While I am very excited, I’m also very sad.  I wasn’t sure of my last day as an Eagle, as there were several factors that determined my start date at the new job.  The phone call came yesterday morning.  I had already cleared with my immediate supervisor to be off the Thursday and Friday before whenever my start date would be.  So that means today is my last day.  The process seems to have taken forever, but it got real when I told my family of co-workers that Wednesday would be my last day.  I cried like a baby.  Some of them did, too, and it ain’t over yet.  I expect we’ll be leaving one by one, until there’s no-one left.  At least that’s the plan, because none of us want to go with the agency.  (Nasty company to work for!!)  So instead of ripping the bandage off in one fell swoop, and all transition into the agency together, we’ll be going our separate ways one at a time.  It will be more like taking the bandage off a little bit a time - a slow and painful process, as one by one we leap from the nest into skies unknown.  We vow and declare that we will always be close, and nothing has to change.  We don’t see each other every day anyhow, so we can still e-mail and Facebook.  But there’s just something about being in the nest together, sharing a common goal, knowing someone always has our back.  That part will be gone. 

The office where I’m going is within the St. Mary’s system, so I’ll still be an employee of the hospital.  This is a good thing because I get to keep my years of service, leave accrual rate, benefits, etc. 

But still, it is very bittersweet.  I’m going to miss my family: Tammy, Pam, Cheryl, Jeneine, June, and JoAnn.  Tammy, our transcription supervisor, has grieved right along with us, and worried herself nearly sick that we have lost our jobs.  She has been wonderful through this entire process, and we have been so fortunate to have a fair, compassionate, hard-working, supervisor who appreciates us, and tells us so very often.  While there is nothing locally we can do about corporate decisions, I feel safe in saying the hospital is losing a dedicated group of loyal, long-standing employees. The trade off for saving money by outsourcing will be offset, I’m afraid, by strangers - many of whom live overseas- who have no vested interest in our hospital, and care not one bit about our patients.  Sadly, in corporate America, the bottom line is the almighty dollar. 
But, as I have always believed, everything happens for a reason.  We can fret and be bitter about the change, or we can take it as an opportunity to get out of our jammies, and get our  homebody selves out into the world.  Shake things up a little bit.  Meet new people, learn new things.  Make a difference in the world.  Even if we do have to wear clothes and shoes.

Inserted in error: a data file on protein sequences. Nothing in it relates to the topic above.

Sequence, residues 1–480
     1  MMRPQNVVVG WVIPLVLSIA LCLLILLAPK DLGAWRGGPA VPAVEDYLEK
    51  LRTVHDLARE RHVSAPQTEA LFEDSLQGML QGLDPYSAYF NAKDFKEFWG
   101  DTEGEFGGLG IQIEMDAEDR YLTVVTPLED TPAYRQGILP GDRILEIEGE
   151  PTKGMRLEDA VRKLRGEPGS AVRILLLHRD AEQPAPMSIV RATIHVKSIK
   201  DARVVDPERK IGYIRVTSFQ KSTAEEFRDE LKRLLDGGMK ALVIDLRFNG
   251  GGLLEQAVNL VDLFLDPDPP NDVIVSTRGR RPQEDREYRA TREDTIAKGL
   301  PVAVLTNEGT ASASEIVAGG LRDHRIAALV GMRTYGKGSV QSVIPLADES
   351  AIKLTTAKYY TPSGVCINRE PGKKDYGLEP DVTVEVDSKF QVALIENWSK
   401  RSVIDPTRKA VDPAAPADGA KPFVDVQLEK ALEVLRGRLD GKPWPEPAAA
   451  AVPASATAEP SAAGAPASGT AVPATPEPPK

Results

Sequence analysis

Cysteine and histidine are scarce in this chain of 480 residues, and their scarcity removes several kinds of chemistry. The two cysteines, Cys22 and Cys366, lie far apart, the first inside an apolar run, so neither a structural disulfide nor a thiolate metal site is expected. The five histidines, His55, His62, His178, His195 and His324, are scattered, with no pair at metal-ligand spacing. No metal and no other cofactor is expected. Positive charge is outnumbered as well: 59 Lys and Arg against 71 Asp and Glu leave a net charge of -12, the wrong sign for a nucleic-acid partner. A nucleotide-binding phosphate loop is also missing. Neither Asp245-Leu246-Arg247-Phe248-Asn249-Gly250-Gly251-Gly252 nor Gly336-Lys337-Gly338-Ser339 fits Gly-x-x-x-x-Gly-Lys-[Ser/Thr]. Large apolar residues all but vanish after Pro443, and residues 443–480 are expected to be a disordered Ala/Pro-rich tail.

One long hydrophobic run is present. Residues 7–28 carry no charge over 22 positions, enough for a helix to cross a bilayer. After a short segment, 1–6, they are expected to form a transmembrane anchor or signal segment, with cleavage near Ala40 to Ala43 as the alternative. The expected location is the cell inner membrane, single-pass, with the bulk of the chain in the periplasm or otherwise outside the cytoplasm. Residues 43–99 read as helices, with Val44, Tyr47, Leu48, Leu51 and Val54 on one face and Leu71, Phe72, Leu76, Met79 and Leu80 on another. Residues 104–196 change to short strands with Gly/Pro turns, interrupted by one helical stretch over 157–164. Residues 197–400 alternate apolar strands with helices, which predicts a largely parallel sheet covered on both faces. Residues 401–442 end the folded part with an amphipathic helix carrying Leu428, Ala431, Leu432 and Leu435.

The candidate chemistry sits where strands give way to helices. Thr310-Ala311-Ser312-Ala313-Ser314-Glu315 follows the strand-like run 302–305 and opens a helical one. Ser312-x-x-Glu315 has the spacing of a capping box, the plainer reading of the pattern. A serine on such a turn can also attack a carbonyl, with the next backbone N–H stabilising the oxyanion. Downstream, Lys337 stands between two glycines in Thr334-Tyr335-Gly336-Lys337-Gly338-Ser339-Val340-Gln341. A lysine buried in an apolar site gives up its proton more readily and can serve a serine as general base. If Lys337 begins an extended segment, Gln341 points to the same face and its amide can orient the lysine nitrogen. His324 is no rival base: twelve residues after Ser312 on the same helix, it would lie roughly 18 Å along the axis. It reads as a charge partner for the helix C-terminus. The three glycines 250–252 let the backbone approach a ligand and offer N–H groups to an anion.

I’m truly grateful that this job came along – and in retrospect I can see that it was orchestrated (I believe by God), many months ago in a casual conversation with a friend from church - long before I knew I would be losing my job.  There have been a few moments of anxiety, but for the most part, I’ve been very calm and assured that everything would work out, and that God would provide what I need.  And I’m still counting on that heavily, as there is a significant difference in compensation.  (If you look for me and can’t find me, I’m probably living in a refrigerator box under a bridge, surfing the internet for different ways to prepare ramen noodles. Haha!)   Nah…. I’m pretty sure my mama and DJ won’t let me go hungry, and my dad would probably let me and the kitties live in the basement with his electronic stuff if it comes down to that.  So I’m not worried.  Well, maybe a little about the ramen noodles part – never developed much of a palate for that… 

To my Eagle Family:  As we go our separate ways, may our journeys from the nests we’ve known for so long be safe and prosperous, and may we always remember this:  The Eagles will land again, and God will be the wind that carries us until we arrive safely at our new homes. We can do this.  We are The Eagles!!  Thank you, ladies, for loving me during the best of times and during the worst of times.  You are all a part of me, and I will carry you with me as I go.

Today it is my turn to fly. I’ll turn off my computer one last time at the end of my shift today, and say goodbye to a career that has served me well, and which I have loved, for many, many years.  Monday morning I’ll walk through a new door, get to know my new family, park my car at a new address, and do my best to make a difference in someone’s world each day.

And all the while, I’ll remember this verse from Lamentations:  “The steadfast love of the LORD never ceases; His mercies never come to an end; they are new every morning; Great is Thy faithfulness.  I say to myself, The LORD is my portion, therefore will I hope in Him.”


  1. Beautifully said!!! I am so grateful for your love, support, encouragement, and geniusness, SSAB!!! <3

  2. I am so glad that you found a new place to land where you will again be making a huge difference in patient's lives! I surely wish my PCP had a scribe! I hope that you will learn to love your new family, and that they know just how blessed they are to have you. Love you girl!